Skip to main content
Please enter a legal issue and/or a location
Begin typing to search, use arrow keys to navigate, use enter to select

Find a Lawyer

More Options

3 Things to Avoid When Trying to Sign a Prospective Client

By Andrew Lu on September 18, 2012 | Last updated on March 21, 2019

The difference between a successful law practice and one that doesn't work out often depends upon how you talk to and close on prospective clients.

When you're starting off, you may be tempted to say anything to a prospective client -- especially, the really big whales -- to get their business.

But you should be careful not to make too many promises or guarantees or you could find yourself in trouble, and possibly even the target of a lawsuit brought by the once-coveted client. Here are three things you should never say to a prospective client:

  1. Guarantee a Win. No matter how open-and-shut a case may seem, you should never guarantee a victory. There's no such thing as a sure win, and that's especially the case when you have to bring a case before a judge, jury, and opposing counsel. You can tell your clients they have an excellent case, but always be sure to explain the downsides and risks as well. Without realistic expectations, your client may deem a total failure of anything short of a total victory.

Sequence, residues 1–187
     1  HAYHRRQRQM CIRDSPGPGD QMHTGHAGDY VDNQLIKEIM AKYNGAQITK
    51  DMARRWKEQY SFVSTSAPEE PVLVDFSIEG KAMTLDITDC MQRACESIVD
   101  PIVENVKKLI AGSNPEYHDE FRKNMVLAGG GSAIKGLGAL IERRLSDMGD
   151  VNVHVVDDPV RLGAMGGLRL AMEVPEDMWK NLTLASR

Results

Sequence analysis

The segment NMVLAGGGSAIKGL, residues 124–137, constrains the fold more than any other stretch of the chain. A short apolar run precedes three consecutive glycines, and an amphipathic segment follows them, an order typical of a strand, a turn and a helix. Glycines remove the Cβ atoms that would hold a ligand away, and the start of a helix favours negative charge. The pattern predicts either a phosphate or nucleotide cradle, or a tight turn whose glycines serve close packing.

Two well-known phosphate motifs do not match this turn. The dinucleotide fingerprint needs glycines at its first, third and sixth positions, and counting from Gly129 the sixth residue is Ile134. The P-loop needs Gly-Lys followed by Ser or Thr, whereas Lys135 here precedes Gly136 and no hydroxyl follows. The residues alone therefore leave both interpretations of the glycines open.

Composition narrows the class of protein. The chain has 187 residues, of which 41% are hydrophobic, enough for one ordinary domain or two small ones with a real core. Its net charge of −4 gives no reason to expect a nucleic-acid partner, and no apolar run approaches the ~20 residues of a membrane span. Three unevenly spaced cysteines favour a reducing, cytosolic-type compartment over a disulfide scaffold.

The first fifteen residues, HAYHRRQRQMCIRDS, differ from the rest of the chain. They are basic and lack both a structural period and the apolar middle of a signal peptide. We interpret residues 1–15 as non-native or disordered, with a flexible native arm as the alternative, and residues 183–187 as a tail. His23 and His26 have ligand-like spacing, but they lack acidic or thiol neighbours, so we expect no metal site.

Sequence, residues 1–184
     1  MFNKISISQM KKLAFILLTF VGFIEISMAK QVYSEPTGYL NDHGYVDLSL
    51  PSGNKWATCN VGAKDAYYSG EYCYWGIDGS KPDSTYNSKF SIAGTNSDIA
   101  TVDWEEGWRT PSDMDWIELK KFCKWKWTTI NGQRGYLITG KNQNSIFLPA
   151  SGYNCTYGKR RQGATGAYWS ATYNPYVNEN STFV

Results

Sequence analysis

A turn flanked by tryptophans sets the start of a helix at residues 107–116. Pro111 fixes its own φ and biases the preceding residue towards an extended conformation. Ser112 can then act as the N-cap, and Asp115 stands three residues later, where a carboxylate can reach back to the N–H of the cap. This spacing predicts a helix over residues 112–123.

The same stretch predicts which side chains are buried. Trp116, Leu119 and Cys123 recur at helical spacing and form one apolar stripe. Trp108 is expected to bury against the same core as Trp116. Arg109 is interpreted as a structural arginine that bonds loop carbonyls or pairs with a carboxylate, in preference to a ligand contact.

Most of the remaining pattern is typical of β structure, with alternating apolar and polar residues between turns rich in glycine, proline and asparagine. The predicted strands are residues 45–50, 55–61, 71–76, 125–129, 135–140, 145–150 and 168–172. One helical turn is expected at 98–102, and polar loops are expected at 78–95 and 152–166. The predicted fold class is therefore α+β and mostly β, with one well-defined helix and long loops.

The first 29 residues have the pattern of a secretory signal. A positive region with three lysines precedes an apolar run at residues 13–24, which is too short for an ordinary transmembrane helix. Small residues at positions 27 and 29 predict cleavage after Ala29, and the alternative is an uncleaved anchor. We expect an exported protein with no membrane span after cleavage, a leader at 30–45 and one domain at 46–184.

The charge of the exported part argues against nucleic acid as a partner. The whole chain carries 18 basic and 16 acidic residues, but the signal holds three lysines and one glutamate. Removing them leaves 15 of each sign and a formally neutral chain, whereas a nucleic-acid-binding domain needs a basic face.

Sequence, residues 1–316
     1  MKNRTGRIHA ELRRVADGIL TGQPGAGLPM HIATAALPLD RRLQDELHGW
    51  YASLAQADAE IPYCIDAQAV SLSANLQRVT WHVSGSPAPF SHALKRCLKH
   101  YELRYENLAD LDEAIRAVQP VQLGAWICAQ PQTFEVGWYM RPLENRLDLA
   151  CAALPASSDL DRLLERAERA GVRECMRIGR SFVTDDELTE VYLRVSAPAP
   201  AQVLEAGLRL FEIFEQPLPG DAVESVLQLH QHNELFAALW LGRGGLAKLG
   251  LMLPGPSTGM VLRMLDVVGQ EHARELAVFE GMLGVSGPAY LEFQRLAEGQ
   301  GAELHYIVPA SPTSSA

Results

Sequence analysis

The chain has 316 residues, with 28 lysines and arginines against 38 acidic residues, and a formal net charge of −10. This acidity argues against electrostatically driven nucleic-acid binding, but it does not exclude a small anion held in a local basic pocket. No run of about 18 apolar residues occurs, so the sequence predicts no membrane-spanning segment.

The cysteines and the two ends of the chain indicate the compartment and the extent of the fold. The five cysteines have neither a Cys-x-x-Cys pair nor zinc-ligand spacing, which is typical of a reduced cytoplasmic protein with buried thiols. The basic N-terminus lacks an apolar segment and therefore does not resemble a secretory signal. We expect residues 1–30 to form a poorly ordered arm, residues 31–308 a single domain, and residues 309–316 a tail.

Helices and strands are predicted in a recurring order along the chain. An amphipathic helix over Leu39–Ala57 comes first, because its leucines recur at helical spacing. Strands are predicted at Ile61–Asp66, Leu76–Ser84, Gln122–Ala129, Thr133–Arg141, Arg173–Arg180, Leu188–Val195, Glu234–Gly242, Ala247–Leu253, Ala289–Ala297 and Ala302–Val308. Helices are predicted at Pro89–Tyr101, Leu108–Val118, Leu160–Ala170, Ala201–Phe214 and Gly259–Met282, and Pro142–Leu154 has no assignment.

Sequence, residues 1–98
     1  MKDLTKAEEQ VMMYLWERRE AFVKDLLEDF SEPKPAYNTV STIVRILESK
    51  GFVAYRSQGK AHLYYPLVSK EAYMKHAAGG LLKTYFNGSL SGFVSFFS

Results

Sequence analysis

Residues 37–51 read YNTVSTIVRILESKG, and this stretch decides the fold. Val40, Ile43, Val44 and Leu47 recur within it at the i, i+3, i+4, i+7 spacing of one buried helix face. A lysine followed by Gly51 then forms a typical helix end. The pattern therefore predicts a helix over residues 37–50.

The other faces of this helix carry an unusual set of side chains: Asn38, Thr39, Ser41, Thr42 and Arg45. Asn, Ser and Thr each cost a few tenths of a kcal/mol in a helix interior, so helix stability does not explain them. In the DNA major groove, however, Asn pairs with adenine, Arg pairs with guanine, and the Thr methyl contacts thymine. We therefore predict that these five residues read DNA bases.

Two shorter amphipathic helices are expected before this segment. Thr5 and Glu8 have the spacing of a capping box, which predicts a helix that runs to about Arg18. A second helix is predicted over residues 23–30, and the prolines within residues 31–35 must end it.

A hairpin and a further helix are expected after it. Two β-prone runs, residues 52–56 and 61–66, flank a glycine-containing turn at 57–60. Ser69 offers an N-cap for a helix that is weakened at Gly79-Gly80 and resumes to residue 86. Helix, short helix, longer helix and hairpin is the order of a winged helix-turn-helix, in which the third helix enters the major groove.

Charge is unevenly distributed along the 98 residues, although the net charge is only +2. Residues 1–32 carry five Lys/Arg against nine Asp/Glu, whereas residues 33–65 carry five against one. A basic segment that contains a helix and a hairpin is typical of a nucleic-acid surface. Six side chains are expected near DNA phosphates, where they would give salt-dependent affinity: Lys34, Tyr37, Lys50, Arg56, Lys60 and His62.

2. Provide a Fixed Fee. It's one thing to charge a flat rate for a specific service like filling out paperwork. It's another to give yourself no wiggle room to charge more should something unexpected happen. In almost every case, there will be unexpected legal issues and nuances. Without flexibility with your rates, you may not be able to capture that time.
  3. Give a Definite Timeline. If you're involved in litigation, you should never provide definite timelines. It's okay to give a rough timeline, but the reality is that a trial is too unpredictable to give any concrete dates as to when a matter will be settled.

If you're in need of clients, you may find yourself wanting to tell prospective clients whatever they want to hear so that they'll retain your services. You should avoid this temptation and provide realistic expectations instead.

Related Resources:

You Don’t Have To Solve This on Your Own – Get a Lawyer’s Help

Meeting with a lawyer can help you understand your options and how to best protect your rights. Visit our attorney directory to find a lawyer near you who can help.

Or contact an attorney near you:
Copied to clipboard